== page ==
Fayerweather v. Ritch, 195 U.S. 276 (1904)
U.S. Supreme CourtFayerweather v. Ritch, 195 U.S. 276 (1904)
Fayerweather v. Ritch
Argued October 12-13, 1904
Decided November 28, 1904
195 U.S. 276
Where the appellant's contention is that the circuit court, by giving unwarranted effect to a judgment of a state court and accepting that judgment, which contained no finding of one of the fundamental facts as a conclusive determination of that fact, deprived him of his property without due process of law, and that contention is made in good faith, and under the circumstances, upon reasonable grounds, the application of the Constitution is involved and this Court has jurisdiction of a direct appeal from the Circuit Court.
Where it appears that a question was distinctly put in issue and the parties presented, or had an opportunity to present, their evidence, and the question was decided by a court of competent jurisdiction, private right and public welfare both demand that the question so adjudicated shall, except in direct proceedings for review be considered as finally settled and conclusive upon the parties.
The ordinary rule in cases tried by the court without a jury is that a judgment entered without any special findings is, like a general verdict in a jury case, tantamount to a finding in favor of the successful party of all the facts necessary to sustain the judgment.
While in some cases on a plea of res judicata evidence aliunde the record is proper to show what particular questions were tried and determined
in the former case, it is not competent to introduce the testimony of the trial judge as to the matters then considered and passed on by him.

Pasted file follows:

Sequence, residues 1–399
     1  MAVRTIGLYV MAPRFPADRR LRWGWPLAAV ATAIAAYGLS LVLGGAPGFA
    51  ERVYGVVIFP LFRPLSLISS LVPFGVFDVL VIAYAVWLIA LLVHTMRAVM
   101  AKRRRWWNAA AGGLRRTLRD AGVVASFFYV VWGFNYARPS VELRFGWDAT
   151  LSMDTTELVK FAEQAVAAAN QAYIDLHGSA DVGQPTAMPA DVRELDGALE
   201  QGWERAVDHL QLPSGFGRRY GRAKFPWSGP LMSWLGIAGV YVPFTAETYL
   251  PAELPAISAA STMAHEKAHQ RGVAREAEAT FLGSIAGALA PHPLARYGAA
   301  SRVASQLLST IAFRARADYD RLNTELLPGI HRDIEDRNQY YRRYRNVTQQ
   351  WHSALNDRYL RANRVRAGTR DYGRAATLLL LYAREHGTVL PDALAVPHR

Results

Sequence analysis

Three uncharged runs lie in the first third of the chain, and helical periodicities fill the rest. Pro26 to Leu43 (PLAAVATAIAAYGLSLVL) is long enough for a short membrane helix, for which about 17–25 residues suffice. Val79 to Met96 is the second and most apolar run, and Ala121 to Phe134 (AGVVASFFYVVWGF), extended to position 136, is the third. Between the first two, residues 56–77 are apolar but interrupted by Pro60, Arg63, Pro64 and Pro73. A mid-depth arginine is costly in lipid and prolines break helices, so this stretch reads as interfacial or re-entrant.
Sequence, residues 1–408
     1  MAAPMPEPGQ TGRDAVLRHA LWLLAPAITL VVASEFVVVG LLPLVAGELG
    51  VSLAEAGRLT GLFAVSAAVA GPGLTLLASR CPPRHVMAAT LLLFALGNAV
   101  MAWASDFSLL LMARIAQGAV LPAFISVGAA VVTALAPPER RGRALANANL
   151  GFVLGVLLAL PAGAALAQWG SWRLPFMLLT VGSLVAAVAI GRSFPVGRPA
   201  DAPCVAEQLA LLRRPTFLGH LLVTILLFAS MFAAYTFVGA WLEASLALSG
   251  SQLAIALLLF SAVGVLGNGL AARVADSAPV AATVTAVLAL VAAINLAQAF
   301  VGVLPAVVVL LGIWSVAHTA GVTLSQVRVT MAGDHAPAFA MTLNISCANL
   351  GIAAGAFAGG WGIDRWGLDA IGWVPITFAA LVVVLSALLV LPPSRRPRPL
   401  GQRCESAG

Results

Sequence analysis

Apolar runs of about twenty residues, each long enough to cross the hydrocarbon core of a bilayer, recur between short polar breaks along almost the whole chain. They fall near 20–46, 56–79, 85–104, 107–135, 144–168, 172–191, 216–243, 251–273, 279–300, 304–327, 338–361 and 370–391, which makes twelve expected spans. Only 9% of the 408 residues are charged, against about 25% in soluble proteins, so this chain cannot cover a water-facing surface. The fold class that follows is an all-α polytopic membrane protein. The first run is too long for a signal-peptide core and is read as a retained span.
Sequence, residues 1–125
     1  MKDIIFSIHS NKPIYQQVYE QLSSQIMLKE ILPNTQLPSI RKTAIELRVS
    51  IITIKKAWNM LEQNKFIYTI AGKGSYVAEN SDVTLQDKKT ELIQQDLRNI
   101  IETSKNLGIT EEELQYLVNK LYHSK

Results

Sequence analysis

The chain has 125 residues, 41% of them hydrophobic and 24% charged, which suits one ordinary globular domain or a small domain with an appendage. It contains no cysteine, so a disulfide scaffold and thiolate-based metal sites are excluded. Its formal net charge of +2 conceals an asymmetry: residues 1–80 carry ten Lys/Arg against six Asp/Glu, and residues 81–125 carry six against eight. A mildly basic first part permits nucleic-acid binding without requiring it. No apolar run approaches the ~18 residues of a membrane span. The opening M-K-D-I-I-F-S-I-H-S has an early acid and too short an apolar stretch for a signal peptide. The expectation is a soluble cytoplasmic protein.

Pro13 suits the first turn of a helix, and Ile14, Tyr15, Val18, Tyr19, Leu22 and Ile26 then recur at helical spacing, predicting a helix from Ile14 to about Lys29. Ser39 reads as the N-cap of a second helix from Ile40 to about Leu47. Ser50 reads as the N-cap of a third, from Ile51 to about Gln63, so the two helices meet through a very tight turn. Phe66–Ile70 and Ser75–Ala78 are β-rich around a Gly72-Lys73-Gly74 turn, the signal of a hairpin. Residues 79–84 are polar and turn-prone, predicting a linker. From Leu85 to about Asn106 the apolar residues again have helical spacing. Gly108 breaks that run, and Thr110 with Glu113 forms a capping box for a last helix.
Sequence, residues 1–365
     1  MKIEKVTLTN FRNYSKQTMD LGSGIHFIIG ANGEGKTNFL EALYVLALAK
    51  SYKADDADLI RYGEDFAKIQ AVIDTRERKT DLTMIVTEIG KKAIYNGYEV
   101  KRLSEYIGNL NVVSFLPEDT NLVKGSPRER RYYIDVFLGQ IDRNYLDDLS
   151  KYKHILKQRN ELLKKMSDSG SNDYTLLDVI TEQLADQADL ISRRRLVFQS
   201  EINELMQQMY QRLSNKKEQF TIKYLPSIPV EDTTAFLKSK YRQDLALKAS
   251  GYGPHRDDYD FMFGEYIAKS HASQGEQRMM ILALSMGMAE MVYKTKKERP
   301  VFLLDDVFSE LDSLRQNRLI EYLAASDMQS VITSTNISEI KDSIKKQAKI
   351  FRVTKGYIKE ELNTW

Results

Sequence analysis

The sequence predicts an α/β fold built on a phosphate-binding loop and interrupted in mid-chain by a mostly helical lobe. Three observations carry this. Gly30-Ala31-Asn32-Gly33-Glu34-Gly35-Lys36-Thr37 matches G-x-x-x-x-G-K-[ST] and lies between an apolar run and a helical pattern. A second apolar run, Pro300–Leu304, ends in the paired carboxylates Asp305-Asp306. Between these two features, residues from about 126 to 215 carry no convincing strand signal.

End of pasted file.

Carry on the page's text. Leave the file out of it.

Where, in an action in a court of competent jurisdiction, the validity of certain releases is put in issue by the pleadings and no judgment can properly be rendered without determining that question, and judgment is rendered against the parties executing the releases and who were before the trial court, the judgment in effect determines that the releases are valid and the question of their validity is res judicata notwithstanding no special findings in regard thereto were made by the trial judge.
The controlling question in these cases arises on pleas of res judicata. The essential facts are as follows:
On October 6, 1884, Daniel B. Fayerweather, a citizen and resident of the State of New York, made a will, by the ninth article of which he gave to twenty colleges bequests amounting in the aggregate to $2,100,000. By the tenth article, he gave the residuary estate to his executors, as trustees, directing them to divide it equally among the twenty colleges named in the ninth article. On the same day, he signed the following statement: